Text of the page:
Medicare Medicaid CMS


By Yvonne Tso, Vice President

On June 24, 2020, the Centers for Medicare & Medicaid Services (CMS) released an alert via HPMS to Medicare Advantage Prescription Drug Plan (MAPD) sponsors of complaints from a Medicare Part D sponsor regarding multiple pharmacies submitting large-quantity, expensive specialty drugs for reimbursement. The Medicare Drug Integrity Contractor (I-MEDIC) has observed suspect use of plan emergency and disaster override codes to bill large quantities of specialty medications. These complaints alleged that pharmacies utilized a prior authorization (PA) override code to (1) Submit large quantities of drugs; (2) Override PA requirements for specialty drugs.

Many MAPD sponsors have relaxed the “refill-too-soon” edits at point of sale (and implemented other flexibilities related to disasters and emergencies resulting from the pandemic) during the public health emergency for COVID-19 pursuant to CMS guidance in an HPMS memo on April 21, 2020 (which was subsequently superseded by another memo on May 22, 2020). In the April 21 memorandum, CMS also allows sponsors to continue to have operational discretion as to how these edits are relaxed as long as access to Part D drugs is provided at the point-of-sale. For purposes of section 3714 of the CARES Act, relaxed refill-too-soon edits are safety edits and Part D sponsors must not permit enrollees to obtain a single fill or refill that is inconsistent with a safety edit. Moreover, CMS also stated that,

“Under the regulation, special requirements are in effect until the end date identified in the emergency declaration or for 30 days, if no end date is identified in the declaration.”[1]

Medicare Compliance Solutions has also become aware of Medicare beneficiaries receiving refills more frequently since March 2020 than in 2019, refills equating to 15 or more in 12 months. Even during this challenging time, sponsors should not lower their guards against fraud, waste and abuse detection and prevention, their internal monitoring and audits need to continue and here are our recommendations:

  1. Conduct desktop audits by extracting claims data from January 1, 2020 to June 15, 2020 (or the most recent available) to review for what may appear to be outliers, i.e., excessive quantity (drugs that should be used for 4 to 8 weeks are being filled for longer), excessive frequency (especially drugs that may not have a maximum daily dose in the drug label or drugs that are used “as needed”), and high cost specialty drugs appearing more often than in 2019;
  2. Identify paid claims as a result of a submitted pharmacy professional service code to override a quantity limit or PA requirement;
  3. Claim review should include claims submitted with HCPCS codes (Healthcare Common Procedure Coding System) to identify if the volume of drug claims from retail pharmacies has risen or claims for J3490 (Drugs Unspecified) and J8999 (Prescription Drug, Chemotherapeutic, NOS)) have increased. Most oral cancer drugs are covered under Part D, it would be unusual for a retail pharmacy to submit an oral cancer drug with a “J code” (some oral cancer drugs are covered under Part B legacy benefits).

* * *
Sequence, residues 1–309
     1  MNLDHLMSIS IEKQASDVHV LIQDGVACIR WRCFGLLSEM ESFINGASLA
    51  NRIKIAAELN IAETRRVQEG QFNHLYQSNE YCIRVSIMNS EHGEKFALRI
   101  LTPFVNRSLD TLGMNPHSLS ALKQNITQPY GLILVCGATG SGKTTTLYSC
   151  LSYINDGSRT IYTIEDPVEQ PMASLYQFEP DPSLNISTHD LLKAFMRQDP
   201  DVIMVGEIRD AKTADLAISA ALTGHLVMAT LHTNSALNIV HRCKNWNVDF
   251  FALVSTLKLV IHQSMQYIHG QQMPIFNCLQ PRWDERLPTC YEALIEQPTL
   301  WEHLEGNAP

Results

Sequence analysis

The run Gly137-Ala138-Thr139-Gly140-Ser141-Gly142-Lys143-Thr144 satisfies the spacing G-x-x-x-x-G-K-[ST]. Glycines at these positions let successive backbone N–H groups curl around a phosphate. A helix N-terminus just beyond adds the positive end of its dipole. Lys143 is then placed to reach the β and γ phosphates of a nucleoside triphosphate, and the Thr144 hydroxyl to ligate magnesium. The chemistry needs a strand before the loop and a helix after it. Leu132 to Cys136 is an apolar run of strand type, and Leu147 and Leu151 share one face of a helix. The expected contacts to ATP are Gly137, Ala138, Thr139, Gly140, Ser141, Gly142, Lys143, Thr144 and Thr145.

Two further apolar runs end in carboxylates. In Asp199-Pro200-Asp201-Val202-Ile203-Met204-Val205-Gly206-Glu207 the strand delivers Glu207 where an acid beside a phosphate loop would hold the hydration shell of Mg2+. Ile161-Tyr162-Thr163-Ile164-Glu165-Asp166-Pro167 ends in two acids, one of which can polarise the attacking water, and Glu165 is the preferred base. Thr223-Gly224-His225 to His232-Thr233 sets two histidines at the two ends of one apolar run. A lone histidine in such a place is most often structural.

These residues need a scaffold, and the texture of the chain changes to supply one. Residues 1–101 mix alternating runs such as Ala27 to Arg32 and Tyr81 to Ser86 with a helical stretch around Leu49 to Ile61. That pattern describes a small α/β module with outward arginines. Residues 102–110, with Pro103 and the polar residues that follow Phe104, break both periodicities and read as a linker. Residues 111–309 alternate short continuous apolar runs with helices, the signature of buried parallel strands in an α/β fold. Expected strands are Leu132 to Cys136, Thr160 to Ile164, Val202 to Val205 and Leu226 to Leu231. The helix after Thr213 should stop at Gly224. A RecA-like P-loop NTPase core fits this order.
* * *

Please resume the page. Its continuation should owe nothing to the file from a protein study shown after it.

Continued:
1. Look for medications being submitted which were not consistent with clinical treatment of COVID-19 or its clinical effects on the body. They also do not appear to be medications and quantities likely related to care interruptions due to the pandemic.

On April 24, 2020, the U.S. Food and Drug Administration (FDA) cautions against the use of chloroquine and hydroxychloroquine outside of the hospital setting or a clinical trial due to risk of heart rhythm problems. On June 15, 2020, the FDA revoked the emergency use authorization (EUA) that allowed for chloroquine and hydroxychloroquine to be used to treat certain hospitalized patients with COVID-19 when a clinical trial was unavailable, or participation in a clinical trial was not feasible. The FDA determined that the legal criteria for issuing an EUA are no longer met. To date, no drugs have been approved by the FDA for treatment of COVID-19 in the ambulatory setting.

  1. Find out from your claim processor (usually it is the pharmacy benefit manager) to determine if all quantity limits are being suppressed (except for those with maximum daily dosage in the drug label) since the declaration of emergency and if other drug plan sponsors are beginning to end refill too soon edits as permissible by CMS guidance. You can then exercise your discretion whether to continue the relaxation.

The coronavirus knows no borders. Neither do perpetrators who take advantage of these extraordinary circumstances for their financial gains. MCS is ready to help you through these challenging times with ideas of how to comply with CMS guidance or to resume your marketing campaigns for CY 2021. Give MCS a call! We have a team of dedicated experts that are ready to help. Contact us at

[1] Updated COVID 19 Guidance for MA and Part D Plan Sponsors 5.22.2020


Yvonne Tso, Vice PresidentYvonne Tso

Yvonne Tso, Pharm.D., MBA, is a Vice President at Medicare Compliance Solutions. Yvonne has been in the managed care industry for over 10 years and advises health plans and investment firms on Medicare, Medicaid and managed care operational and compliance processes. Since 2005, the transition year prior to launch of the Medicare prescription drug program (Part D), Yvonne has supported drug plan clients in developing their formularies, competitive benefit designs, Star measure monitoring, utilization management (UM) guidelines and quality improvement (QI) programs.

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